as resistance to passive movement of the joints and is a key component of the
so-called upper motor neuron syndrome (Dietz, 1999).
Spasticity, in its broadest clinical sense, has been linked to various motoneuronal,
spinal (Nielsen et al., 2007) and supraspinal
(Dietz, 1999), pathophysiologic phenomena. Based on
the previous observation, Reimunde et al. (2010)
assumed that the reduction in post-treatment spasticity in 4 of 5 spastic patients
could be related to the efficacy of the GH treatment used to achieve normalization
of the balance of supraspinal inhibitory and excitatory signals (Dietz,
1999) of the secondary structural and functional changes that occur at cellular
level in the spinal cord itself below the level of the injury and/or of the
voltage-dependent persistent intrinsic motoneuronal inflows (Gorassini
et al., 2004).
In addition, for patients with CP, the beneficial effects of GH on bone metabolism
could be extremely significant. GH and the mediator of its growth-promoting
action, IGF-1, are key regulators of bone-cell function; they have therefore
been considered as putative anabolic agents for the treatment of osteoporosis.
In CP, decreased mobility and strength impair quality of life and compromise
weight bearing, leading to cumulative losses in bone mineral content. In children
with CP, bone mineral density averages nearly 1SD below the age-matched normal
means for both the proximal parts of the femora (-0.92SDs) and the lumbar spine
(-0.8SDs) (Henderson et al., 1995). This is clinically
significant given that reduced bone density is strongly related to fracture
risk. In addition to the direct effects of GH on bone, the trophic effects of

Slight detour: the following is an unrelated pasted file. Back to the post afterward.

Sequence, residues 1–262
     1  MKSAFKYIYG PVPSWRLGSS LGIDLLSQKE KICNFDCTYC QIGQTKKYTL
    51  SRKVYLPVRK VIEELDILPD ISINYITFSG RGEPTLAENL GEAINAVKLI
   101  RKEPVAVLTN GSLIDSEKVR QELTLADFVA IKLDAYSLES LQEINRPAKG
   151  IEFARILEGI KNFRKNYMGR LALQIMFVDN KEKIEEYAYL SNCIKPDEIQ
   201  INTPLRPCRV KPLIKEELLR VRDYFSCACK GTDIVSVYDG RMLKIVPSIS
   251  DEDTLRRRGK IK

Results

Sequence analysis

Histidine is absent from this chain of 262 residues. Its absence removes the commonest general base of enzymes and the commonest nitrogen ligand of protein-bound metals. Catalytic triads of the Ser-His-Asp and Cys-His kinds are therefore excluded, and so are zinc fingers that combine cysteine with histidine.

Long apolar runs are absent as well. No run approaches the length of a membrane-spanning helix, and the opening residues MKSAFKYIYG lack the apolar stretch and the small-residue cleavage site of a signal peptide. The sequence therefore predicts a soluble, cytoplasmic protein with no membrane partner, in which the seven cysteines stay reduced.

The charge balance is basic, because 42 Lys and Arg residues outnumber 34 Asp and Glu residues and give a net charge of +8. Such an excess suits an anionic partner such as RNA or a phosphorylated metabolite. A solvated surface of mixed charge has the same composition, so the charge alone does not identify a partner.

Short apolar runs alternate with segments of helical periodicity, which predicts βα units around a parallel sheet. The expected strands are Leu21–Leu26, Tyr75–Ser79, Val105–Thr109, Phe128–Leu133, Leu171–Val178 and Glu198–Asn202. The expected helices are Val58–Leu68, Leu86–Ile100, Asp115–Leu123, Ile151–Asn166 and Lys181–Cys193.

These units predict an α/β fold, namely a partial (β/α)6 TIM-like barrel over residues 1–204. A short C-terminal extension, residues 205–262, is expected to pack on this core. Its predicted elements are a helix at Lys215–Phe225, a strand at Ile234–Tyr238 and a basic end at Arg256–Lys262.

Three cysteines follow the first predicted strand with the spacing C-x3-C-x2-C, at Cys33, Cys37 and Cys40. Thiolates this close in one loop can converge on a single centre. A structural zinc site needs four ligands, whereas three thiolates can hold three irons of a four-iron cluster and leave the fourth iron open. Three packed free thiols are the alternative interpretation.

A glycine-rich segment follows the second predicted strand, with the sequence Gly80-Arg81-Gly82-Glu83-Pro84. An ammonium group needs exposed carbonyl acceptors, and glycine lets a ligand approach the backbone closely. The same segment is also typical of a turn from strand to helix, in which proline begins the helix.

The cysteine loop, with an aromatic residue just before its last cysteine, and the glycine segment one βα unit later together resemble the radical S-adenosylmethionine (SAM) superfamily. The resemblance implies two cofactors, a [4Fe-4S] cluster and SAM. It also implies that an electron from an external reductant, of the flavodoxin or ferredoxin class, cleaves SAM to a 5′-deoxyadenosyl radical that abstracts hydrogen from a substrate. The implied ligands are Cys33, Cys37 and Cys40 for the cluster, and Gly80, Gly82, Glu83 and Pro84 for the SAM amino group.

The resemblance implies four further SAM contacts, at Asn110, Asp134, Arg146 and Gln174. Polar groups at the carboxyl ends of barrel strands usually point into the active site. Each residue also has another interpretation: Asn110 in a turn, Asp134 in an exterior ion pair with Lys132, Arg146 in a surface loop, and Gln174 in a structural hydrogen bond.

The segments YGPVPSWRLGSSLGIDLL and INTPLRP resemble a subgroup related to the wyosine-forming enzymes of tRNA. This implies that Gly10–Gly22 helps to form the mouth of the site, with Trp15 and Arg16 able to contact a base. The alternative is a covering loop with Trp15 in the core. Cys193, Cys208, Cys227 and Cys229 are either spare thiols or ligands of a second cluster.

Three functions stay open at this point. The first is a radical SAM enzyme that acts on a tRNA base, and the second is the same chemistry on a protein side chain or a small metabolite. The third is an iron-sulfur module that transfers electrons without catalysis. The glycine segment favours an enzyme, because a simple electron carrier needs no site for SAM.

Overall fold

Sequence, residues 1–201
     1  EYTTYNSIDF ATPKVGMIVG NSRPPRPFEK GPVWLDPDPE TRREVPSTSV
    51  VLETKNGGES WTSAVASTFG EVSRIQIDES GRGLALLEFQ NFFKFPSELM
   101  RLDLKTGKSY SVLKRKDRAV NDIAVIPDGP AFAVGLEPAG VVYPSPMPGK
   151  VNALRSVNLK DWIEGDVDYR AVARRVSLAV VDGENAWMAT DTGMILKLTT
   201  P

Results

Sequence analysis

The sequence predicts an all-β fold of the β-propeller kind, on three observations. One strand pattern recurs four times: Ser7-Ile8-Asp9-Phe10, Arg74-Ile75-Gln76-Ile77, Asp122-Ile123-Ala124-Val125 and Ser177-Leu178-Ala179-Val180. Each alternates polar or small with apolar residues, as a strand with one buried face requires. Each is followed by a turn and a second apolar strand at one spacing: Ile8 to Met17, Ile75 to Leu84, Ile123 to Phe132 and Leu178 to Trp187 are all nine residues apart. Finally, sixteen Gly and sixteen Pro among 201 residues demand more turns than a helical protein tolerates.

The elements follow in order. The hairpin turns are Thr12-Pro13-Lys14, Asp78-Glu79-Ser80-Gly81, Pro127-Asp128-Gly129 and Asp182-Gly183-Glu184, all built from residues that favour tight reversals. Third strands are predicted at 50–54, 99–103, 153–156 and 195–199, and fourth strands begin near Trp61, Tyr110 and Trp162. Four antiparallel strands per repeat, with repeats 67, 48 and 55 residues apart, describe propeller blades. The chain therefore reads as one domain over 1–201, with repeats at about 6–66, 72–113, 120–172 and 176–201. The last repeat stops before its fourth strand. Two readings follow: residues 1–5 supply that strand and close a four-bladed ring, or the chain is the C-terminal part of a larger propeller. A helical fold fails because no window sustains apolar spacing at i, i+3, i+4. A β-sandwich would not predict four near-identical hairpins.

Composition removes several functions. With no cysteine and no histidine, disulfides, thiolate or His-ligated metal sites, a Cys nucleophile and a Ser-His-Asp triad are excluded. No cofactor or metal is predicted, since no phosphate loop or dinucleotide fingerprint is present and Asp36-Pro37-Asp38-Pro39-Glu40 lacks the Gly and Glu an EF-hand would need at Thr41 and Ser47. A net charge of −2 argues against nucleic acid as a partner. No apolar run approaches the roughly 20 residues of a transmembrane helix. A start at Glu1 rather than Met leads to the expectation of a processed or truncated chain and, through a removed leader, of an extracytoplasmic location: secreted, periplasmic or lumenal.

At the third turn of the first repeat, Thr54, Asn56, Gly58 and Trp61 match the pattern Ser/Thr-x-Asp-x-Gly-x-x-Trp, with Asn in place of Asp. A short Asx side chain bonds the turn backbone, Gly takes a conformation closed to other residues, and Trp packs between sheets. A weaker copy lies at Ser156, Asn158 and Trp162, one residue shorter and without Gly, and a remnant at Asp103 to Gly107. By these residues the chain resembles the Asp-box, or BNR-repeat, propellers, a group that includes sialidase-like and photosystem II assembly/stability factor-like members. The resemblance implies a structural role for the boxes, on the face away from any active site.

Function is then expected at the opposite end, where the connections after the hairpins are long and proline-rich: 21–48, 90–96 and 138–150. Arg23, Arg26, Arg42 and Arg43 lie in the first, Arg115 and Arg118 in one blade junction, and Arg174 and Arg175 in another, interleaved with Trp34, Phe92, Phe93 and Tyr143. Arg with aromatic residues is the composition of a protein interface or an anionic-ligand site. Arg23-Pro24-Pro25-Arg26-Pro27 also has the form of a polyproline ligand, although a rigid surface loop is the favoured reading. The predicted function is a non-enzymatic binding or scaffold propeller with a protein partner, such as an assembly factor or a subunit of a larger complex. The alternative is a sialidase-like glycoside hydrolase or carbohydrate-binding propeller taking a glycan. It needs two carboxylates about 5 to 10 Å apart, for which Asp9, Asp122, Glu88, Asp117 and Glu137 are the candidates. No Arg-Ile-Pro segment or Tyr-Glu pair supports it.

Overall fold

GH on muscle are likely to lead to further improvement in bone health of children
with CP through increased weight bearing and skeletal loading (Johannsson
and Ohlsson, 1998).
Neuropsychological assessments have demonstrated that GHD is associated with
reduced cognitive performance since the majority of studies found that GHD can
lead to clinically relevant changes in memory, processing speed, attention,
vocabulary, perceptual speed, spatial learning and in reaction time tests (Nieves-Martinez
et al., 2010). So, in addition to the neurological deficit caused
by the disease itself, part of the cognitive dysfunction observed in such patients
could be related to GHD; a hypothesis that is supported by the positive correlations
between IQ and each of serum basal and peak stimulated GH, IGF-I and IGFBP-3
concentrations reported in the current study.
In conclusion, GHD is prevalent in children with CP and could be one of the causes of their short stature. We propose that GH replacement therapy together with specific rehabilitation could be beneficial in prevention or correction of some of the disabilities seen in those children. Long-term controlled studies on larger population scales are needed to evaluate the benefits and safety of GH treatment in children with CP.